The word this week in Washington’s was stimulus. Obama is hoping that spending $800+ billion will automatically defibrillate the failing heart of the U.S. economy, and the rest of us (save Rush Limbaugh) are hoping he’s right.

San Francisco may have a better chance than other cities to get a piece of the windfall, since homegirls Nancy Pelosi and Dianne Feinstein (as Speaker of the House and Senate Appropriations committee member, respectively) have more-than-average say about how the stimulus package ends up.

Pelosi’s House passed an $819 billion version of the stimulus package with nary a vote from the Republicans. Word is that DiFi is helping push for even more dinero for transportation and infrastructure. On Wednesday, Feinstein’s Appropriations committee passed its version of the bill: $27 billion for highways, $850,000 for Amtrak, $2 billion for high-speed rail and $8.4 billion for other public transit grants. Goodness knows BART and MUNI could use a shot in the arm.

Next week the full Senate will debate the stimulus package, then members of House and Senate will duke it out over their differences. Meanwhile, the burning question in every community across the country: Is it good for my neighborhood? Mission Loc@l is working on finding out more about what it will mean for our corner of San Francisco, but already, it’s clear that our women in Washington want significant aid for public housing, community health centers and education. S.F. schools stand to get around $42 million in the next two years, helping offset (at least a leeeetle bit) the effects of state and local budget crunches.

Meanwhile, Thursday’s news that California is entering its worst drought ever reminds us that Dianne, like Guv Arnold and unlike most environmentalists and Democrats, is all for building new dams. That could explain the $1.4 billion reserved in the Senate’s version of the stimulus bill for Western water projects—almost three times the amount in the House’s version.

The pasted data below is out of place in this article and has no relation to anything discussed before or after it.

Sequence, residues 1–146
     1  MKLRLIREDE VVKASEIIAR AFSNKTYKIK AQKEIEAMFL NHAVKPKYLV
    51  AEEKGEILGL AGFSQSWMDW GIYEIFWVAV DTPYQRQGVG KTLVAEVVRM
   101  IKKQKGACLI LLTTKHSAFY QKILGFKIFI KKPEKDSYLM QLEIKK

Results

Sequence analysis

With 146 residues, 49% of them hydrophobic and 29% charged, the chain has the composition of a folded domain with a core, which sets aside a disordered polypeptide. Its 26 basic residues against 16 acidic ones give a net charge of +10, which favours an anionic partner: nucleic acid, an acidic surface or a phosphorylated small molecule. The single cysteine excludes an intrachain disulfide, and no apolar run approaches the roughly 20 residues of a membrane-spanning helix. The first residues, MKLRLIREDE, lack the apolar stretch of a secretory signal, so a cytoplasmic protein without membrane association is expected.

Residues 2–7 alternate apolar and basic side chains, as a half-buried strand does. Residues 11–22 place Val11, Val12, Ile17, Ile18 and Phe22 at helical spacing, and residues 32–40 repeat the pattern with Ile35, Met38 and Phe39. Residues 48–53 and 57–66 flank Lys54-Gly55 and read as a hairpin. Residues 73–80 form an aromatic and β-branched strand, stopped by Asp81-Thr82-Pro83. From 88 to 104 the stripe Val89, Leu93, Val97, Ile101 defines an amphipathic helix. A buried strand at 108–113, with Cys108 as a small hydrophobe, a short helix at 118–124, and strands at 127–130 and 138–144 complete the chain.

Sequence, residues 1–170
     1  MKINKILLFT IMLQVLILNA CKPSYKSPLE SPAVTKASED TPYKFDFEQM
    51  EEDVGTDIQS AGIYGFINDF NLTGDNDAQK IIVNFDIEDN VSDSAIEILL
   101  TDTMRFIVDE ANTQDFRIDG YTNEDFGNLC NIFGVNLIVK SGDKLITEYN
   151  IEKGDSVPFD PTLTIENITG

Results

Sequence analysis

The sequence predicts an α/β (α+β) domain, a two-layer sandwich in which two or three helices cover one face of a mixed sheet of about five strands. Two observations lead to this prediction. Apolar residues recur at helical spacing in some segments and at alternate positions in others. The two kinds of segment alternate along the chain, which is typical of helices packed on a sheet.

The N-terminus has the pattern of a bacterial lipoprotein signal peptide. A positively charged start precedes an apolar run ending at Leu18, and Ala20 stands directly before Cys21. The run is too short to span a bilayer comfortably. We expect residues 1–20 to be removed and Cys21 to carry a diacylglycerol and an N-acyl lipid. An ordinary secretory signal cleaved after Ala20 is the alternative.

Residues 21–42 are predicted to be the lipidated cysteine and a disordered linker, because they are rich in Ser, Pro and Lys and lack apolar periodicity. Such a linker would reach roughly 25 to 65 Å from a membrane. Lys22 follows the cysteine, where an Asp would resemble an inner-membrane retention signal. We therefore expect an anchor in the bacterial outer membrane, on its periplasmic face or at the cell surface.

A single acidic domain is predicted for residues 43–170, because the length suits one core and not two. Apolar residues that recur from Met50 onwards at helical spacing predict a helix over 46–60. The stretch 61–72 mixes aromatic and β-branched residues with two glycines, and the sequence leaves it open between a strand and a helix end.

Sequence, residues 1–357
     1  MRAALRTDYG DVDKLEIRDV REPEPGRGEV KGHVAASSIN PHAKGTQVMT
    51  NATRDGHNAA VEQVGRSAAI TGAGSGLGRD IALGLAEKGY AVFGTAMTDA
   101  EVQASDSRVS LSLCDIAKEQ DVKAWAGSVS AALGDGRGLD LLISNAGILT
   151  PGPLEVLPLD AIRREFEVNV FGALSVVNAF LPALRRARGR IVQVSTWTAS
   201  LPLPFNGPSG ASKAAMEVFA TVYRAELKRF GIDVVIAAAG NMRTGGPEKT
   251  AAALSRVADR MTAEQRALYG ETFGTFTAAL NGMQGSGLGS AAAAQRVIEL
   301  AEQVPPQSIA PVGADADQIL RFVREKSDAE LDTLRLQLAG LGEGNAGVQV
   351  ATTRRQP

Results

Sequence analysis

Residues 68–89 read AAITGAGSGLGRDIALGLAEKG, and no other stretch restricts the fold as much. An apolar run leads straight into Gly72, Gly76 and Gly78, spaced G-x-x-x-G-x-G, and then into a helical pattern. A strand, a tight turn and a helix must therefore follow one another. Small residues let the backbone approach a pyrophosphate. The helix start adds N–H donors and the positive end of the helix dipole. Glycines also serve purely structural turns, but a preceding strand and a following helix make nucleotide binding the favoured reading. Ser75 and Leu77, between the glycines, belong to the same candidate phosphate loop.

In other news, DiFi not only missed the fashion moment of the century when she chose not to wear a hat to Obama’s inaugural ceremony—she also disappointed local hatmaker Peg Purcell.

And though Feinstein praised Obama’s executive order closing the military detention center at Guantanamo Bay, she refused this week to offer up the Bay Area’s most famous prison to house detainees.


Date: Jan. 29
At issue: Should health insurance for poor children be expanded to cover approximately 4 million kids who would otherwise not have insurance, and 2.5 million kids whose parents otherwise would be buying private insurance? The so-called SCHIP expansion would cost $31.5 billion over the next almost-five years and would be paid for by increasing the federal cigarette tax by 61 cents a pack.
Vote: Yep.
Senate’s vote: 66-32.
Now: The bill’s already been passed by the House. Look for Obama to sign it soon.

Date: Jan. 26
At issue: Should Timothy Geithner, who failed to pay correct income taxes between 2001 and 2004, be the next Treasury Secretary—a job that includes overseeing the IRS?
Vote: Yep.
Senate’s vote: 60-34 in favor.

Date: Jan. 27
At issue: Should Daniel Tarullo join the Board of Governors of the Federal Reserve for a 14-year term?
Vote: Yep.
Senate’s vote: 96-1.

Date: Jan. 28
At issue: Should Dianne’s Intelligence Committee approve the nomination of Admiral Dennis Blair for Director of National Intelligence?
Vote: Yep.
Committee’s vote: Unanimous.
Now: Blair’s nomination goes to the full Senate for a vote.

Date: Jan. 28
At issue: Should the Judiciary Committee approve the nomination of Eric Holder for Secretary of Justice?
Vote: Yep.
Committee’s vote: 17-2 in favor.
Now: Holder’s nomination goes to the full Senate for a vote.

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